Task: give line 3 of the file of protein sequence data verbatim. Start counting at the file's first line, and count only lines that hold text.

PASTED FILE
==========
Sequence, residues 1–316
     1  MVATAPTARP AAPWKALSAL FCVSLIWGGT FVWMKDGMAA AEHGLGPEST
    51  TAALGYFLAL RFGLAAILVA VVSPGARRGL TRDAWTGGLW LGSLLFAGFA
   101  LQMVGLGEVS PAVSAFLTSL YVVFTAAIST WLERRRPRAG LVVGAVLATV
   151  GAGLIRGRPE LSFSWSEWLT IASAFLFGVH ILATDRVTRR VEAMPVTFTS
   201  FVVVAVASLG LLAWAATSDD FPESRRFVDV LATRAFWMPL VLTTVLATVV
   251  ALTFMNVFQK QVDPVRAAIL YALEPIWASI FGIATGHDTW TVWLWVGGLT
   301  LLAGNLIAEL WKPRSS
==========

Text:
    51  TAALGYFLAL RFGLAAILVA VVSPGARRGL TRDAWTGGLW LGSLLFAGFA